Wendy Carlin and Sam Bowles at Her Majesty's Treasury
Virtual Discussion
  US Mountain Time
Sam Bowles and Wendy Carlin

This private event will take place at 10:00 am US Mountain Time.

In this hour-long virtual discussion, Sam Bowles and Wendy Carlin will explore how the pandemic could change our economic narrative, expressing new everyday understandings of how the economy works and how it should work. You can find their recently published paper here and jointly-written op-ed in the Financial Times here.



Like the Great Depression and WWII, the COVID-19 pandemic (along with climate change) will alter how we think about the economy and public policy, not only in seminars and policy think tanks, but also in the everyday vernacular by which people talk about their livelihoods and futures. It will likely prompt a leftward shift on the government-versus-markets axis. But more important, it may overturn that anachronistic one-dimensional menu of policy alternatives by including approaches drawing on social values going beyond compliance and material gain to include ethical motivations of solidarity and duty that underpin community.



Samuel Bowles, (PhD, Economics, Harvard University, 1965) is Research Professor at the Santa Fe Institute where he heads the Behavioral Sciences Program. He taught economics at Harvard from 1965 to 1973 and since then at the University of Massachusetts, where he is now emeritus professor and at the University of Siena. His studies on cultural and genetic evolution have challenged the conventional economic assumption that people are motivated entirely by self-interest. Recent papers have also explored how organizations, communities and nations could be better governed in light of the fact that altruistic and ethical motives are common in most populations. Bowles' is now engaged in theoretical and empirical studies of political hierarchy and wealth inequality and their evolution over the very long run.

His  scholarly papers  have appeared in Science,  Nature, New Scientist, American Economic Review, Theoretical Population Biology, Games and Economic Behavior,  Journal of Theoretical Biology, Econometrica,  Antiquity, Journal of Political Economy,  Quarterly Journal of Economics, Behavioral and Brain Science, Philosophy and Public Affairs, Journal of Public Economics, Theoretical Primatology, Proceedings of the National Academy of Sciences (USA),  Harvard Business Review, Journal of Economic Literature, Journal of Economic Perspectives, Current Anthropology,  and the Economic Journal.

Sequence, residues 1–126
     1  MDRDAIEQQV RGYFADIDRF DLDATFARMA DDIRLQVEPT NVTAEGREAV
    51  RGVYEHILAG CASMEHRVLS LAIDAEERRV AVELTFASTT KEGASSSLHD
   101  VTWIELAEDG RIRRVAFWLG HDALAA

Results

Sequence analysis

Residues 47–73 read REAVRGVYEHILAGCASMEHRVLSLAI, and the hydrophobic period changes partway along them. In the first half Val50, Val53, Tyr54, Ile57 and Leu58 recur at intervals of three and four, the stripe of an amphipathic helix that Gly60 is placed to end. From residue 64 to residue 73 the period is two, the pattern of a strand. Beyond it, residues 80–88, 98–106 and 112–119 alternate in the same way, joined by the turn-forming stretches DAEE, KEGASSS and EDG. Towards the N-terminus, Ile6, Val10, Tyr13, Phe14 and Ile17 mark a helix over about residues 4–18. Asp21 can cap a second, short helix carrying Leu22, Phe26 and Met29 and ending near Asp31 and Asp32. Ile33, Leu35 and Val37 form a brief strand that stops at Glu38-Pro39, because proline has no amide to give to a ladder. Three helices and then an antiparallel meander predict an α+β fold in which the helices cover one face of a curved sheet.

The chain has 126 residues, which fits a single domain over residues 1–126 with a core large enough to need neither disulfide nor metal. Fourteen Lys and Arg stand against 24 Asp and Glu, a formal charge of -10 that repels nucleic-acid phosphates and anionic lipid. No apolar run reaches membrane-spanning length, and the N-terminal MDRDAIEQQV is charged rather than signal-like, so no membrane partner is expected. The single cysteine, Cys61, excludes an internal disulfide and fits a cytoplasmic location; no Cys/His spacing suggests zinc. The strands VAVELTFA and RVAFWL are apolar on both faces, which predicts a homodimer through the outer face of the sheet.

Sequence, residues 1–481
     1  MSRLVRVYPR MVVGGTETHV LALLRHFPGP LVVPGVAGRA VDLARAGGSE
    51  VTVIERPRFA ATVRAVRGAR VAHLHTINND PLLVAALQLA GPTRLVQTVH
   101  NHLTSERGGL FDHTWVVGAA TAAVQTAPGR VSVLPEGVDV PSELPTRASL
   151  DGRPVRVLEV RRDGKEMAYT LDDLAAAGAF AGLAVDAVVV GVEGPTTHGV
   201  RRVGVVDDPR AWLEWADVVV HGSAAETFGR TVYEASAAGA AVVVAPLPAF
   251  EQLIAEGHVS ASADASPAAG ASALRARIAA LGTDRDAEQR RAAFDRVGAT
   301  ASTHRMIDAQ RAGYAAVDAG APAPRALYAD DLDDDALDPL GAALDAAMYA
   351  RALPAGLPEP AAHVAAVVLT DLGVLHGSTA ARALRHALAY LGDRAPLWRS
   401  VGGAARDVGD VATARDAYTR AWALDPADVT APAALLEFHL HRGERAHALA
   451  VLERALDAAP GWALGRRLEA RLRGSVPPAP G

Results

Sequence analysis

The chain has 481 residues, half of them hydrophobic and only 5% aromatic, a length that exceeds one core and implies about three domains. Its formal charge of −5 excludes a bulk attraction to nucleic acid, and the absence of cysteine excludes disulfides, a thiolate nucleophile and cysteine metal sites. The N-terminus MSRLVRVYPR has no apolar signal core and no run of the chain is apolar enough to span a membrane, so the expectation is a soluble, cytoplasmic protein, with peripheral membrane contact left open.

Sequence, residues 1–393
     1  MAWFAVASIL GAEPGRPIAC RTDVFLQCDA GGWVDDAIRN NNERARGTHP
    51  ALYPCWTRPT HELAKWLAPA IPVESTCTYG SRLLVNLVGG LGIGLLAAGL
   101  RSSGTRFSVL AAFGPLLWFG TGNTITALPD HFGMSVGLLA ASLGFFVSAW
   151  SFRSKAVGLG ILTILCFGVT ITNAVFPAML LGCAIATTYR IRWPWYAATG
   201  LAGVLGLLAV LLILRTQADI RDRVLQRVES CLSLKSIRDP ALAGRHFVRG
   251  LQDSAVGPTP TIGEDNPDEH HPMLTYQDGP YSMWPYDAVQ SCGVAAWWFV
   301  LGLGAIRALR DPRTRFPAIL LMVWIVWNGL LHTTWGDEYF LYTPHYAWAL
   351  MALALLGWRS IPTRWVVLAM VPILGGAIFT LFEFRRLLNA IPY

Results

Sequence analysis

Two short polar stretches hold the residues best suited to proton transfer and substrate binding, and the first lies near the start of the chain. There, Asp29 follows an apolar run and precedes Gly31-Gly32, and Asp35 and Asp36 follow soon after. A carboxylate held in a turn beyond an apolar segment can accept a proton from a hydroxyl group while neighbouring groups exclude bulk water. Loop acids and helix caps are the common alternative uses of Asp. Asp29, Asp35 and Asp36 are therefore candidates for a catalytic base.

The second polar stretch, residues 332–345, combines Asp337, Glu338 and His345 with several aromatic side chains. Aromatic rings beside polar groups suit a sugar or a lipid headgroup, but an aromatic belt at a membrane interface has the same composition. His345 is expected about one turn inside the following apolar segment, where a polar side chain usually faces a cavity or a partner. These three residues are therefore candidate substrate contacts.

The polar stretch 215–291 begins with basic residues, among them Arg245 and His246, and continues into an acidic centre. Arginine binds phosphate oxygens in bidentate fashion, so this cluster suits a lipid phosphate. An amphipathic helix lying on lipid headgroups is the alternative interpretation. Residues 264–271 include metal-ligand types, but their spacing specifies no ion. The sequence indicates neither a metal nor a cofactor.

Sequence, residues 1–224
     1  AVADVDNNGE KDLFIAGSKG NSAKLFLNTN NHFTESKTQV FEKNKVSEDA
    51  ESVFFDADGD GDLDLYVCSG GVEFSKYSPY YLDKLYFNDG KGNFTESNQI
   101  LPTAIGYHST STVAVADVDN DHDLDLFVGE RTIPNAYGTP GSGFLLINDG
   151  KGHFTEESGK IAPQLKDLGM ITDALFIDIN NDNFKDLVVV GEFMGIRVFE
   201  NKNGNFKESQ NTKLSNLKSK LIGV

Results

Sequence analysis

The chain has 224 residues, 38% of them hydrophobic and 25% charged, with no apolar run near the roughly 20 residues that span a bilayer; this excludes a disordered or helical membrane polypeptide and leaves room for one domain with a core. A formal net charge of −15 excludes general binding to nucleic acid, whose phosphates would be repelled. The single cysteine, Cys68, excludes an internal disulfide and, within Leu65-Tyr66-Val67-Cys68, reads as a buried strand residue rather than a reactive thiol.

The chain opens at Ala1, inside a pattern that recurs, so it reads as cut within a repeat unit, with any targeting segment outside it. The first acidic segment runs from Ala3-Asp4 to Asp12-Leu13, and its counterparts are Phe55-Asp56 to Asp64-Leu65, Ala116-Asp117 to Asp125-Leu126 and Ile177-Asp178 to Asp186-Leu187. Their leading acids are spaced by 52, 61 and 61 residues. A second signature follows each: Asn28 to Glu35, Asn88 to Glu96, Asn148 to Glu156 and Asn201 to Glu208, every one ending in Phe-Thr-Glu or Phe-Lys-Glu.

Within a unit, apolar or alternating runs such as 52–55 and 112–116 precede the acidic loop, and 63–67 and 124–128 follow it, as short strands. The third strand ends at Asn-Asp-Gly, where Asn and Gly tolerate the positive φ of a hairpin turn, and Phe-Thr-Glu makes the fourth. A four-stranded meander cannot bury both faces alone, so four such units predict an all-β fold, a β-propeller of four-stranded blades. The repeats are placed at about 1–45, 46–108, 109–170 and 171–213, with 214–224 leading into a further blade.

His recent books include The Moral Economy:  Why good laws are no substitute for good citizens (Yale University Press, 2016), A Cooperative Species: Human reciprocity and its evolution (with Herbert Gintis, Princeton University Press, 2011), The new economics of inequality and redistribution, (Cambridge University Press, 2012), and Microeconomics: Behavior, Institutions and Evolution (Princeton University Press, 2004).

He has also served as an economic advisor to the governments of Cuba, South Africa and Greece, U.S presidential candidates Robert F. Kennedy and Jesse Jackson, the Legislature of the State of New Mexico, the Congress of South African Trade Unions, the Pontifical Academy of Science (Rome), and South African President Nelson Mandela.

With CORE (Curriculum Open-access Resources for Economics) he has developed two new free online  introductory e-textbooks, The Economy, and Economy, Society, and Public Policy, for majors and non majors, respectively (www.core-econ.org) and is completing (with Simon Halliday) a new intermediate level undergraduate textbook, Microeconomics: Competition, Conflict, and Coordination (OUP forthcoming).



Wendy Carlin is Professor of Economics in the Economics Department at University College London (UCL), Research Fellow of the Centre for Economic Policy Research (CEPR), London and external faculty at the Santa Fe Institute. Her research is on macroeconomics, institutions and economic performance, the economics of transition, and evolution of economic research and education using machine learning. She is a member of the Expert Advisory Panel of the UK’s Office for Budget Responsibility. She leads an international collaboration of researchers, the CORE project, which is changing the way economics is taught around the world www.core-econ.org. In 2015, she was awarded the CBE in the Queen’s New Year’s Honours list for services to economics and public finance.

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